Opportunity is all around us and has many facets, but itís not always obvious.
It hides behind the same appearance that everyone else sees, but it reveals itself depending on who you are.
Even though everyone sees the same appearance, different people recognize different aspects of opportunity.
What you see depends on the vision with which you start.
Consider a farmerís field.
Sam Walton had his own vision regarding fields.
The founder of Wal-Mart needed to open stores and lots of them. His discounting philosophy meant that he needed to drive costs down, cut profit margins to the bone, and generate huge volume.
He did this by seeing opportunity where others saw a field.
Walton flew his own airplane. He would fly low over an area of potential expansion, especially noticing any new subdivisions growing around existing small communities. When he found a key intersection between a few small towns and in the path of growth, he would land his plane, buy a piece of farmland, and build a new store.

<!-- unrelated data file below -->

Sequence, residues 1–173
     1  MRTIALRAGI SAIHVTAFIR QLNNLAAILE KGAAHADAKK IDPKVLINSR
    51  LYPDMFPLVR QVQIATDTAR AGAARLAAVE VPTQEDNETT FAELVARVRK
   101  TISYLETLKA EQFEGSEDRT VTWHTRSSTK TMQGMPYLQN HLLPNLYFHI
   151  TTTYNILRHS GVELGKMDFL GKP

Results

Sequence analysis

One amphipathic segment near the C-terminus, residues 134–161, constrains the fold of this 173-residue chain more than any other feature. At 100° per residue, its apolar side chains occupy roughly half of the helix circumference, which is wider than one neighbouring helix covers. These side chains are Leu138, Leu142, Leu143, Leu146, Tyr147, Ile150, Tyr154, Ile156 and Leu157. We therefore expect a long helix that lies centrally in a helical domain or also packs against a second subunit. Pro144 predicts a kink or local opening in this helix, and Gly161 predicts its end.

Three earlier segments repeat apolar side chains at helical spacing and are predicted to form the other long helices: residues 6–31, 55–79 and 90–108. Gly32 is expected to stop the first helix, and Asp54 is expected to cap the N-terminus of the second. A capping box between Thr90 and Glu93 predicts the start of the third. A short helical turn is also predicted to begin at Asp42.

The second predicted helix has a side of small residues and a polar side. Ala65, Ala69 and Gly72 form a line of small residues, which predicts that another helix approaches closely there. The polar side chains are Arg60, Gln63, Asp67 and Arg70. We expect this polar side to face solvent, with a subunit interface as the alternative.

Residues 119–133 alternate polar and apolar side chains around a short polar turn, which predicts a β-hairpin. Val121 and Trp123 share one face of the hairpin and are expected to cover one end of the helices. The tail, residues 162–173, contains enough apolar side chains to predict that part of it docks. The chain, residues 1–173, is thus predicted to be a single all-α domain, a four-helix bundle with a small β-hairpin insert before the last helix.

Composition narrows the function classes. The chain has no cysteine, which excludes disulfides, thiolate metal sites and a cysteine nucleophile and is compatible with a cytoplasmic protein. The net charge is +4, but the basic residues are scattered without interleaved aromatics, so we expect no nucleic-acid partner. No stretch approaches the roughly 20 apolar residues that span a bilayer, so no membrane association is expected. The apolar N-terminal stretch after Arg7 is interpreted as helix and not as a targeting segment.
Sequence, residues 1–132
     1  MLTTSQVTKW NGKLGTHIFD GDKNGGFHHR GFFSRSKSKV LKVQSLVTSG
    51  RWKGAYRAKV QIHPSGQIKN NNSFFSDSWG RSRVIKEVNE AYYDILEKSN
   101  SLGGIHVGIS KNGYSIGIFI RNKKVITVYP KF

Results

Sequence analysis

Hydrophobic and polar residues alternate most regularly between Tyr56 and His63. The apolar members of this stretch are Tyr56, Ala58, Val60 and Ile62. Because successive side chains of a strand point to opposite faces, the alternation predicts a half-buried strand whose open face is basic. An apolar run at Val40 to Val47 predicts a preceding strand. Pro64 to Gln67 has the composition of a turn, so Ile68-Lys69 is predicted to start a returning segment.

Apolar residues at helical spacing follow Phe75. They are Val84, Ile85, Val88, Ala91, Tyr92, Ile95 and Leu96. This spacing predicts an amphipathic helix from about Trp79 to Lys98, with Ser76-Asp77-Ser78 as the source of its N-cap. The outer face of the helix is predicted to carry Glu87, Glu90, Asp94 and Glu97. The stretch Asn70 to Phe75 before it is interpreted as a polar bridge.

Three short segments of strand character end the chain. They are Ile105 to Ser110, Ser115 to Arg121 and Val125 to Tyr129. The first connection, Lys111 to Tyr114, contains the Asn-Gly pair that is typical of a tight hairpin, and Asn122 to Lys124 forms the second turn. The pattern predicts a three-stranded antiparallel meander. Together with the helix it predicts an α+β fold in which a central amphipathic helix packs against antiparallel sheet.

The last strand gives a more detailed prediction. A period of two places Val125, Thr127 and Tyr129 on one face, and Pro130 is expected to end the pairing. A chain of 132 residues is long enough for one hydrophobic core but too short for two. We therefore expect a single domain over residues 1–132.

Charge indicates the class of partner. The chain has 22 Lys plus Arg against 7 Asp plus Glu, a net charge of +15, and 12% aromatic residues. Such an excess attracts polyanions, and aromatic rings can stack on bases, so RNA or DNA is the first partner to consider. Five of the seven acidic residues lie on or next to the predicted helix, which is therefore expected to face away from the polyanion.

To most people, it looked like a field. To Sam Walton, it looked like a field of opportunity.
But it was a field of opportunity for others as well.
The same land upon which now stands a thriving Wall-Mart looked very different to different people.
It was a farm for the farmer, an thumbnail sketch of economic indicators for the commodity speculator, a microcosm of the local environment for the scientist, a trend indicator for the demographer, a rustic landscape for a photographer, and a source of tax revenue for the county assessor.
The field was the same, but it embodied multiple opportunities.
What makes the difference is your vision.
If you know your vision, you will recognize your opportunities.